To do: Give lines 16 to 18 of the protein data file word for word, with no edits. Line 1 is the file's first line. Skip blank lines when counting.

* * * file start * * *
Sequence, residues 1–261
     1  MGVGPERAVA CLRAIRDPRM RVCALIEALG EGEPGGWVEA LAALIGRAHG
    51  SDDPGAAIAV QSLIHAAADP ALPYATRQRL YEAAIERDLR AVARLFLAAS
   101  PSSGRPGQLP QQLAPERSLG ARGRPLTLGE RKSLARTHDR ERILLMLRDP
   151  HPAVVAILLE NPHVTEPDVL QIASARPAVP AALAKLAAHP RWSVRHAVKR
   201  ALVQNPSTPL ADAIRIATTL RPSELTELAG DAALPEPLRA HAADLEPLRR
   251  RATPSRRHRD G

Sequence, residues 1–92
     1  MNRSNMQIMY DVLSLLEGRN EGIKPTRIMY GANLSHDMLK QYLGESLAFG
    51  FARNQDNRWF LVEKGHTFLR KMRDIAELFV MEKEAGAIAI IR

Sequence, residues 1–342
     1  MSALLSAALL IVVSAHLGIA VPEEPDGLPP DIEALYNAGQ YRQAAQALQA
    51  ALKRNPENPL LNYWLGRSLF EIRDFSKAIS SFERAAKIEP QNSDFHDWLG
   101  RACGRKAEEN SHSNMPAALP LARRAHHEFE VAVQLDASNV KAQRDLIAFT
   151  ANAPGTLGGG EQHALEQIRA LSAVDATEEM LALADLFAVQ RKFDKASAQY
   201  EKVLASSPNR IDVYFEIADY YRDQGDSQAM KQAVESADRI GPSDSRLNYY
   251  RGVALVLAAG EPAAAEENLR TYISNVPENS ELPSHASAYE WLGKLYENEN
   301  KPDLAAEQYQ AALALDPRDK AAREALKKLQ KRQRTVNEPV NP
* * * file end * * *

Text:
   201  EKVLASSPNR IDVYFEIADY YRDQGDSQAM KQAVESADRI GPSDSRLNYY
   251  RGVALVLAAG EPAAAEENLR TYISNVPENS ELPSHASAYE WLGKLYENEN
   301  KPDLAAEQYQ AALALDPRDK AAREALKKLQ KRQRTVNEPV NP